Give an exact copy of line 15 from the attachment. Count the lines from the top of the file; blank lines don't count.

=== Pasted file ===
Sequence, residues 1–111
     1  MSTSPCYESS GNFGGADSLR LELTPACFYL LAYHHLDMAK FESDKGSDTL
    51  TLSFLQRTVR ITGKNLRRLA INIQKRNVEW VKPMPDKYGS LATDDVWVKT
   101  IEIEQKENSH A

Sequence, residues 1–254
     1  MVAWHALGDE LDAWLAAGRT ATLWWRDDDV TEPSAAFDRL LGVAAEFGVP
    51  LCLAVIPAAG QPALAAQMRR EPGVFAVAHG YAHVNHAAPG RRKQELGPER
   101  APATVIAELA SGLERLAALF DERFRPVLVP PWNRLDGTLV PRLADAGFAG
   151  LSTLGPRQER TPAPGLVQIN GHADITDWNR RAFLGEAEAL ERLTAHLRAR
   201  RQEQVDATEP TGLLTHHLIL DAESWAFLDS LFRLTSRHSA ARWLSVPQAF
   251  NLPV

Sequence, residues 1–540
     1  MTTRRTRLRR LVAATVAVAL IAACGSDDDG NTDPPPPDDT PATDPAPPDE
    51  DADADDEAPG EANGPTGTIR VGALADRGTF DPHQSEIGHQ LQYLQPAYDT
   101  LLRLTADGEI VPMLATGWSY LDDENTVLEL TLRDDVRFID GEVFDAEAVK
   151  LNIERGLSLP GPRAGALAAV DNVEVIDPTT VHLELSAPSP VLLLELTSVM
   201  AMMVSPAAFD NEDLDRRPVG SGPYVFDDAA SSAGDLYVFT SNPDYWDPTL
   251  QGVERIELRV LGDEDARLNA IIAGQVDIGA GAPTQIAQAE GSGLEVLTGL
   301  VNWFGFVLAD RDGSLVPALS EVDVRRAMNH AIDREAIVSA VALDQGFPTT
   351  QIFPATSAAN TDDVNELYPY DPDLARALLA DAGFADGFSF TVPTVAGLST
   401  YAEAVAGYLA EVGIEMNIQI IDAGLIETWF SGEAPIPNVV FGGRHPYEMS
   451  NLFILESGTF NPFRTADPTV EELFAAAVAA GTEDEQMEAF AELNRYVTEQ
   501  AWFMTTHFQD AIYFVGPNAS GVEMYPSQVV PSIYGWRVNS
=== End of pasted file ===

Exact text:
   101  LLRLTADGEI VPMLATGWSY LDDENTVLEL TLRDDVRFID GEVFDAEAVK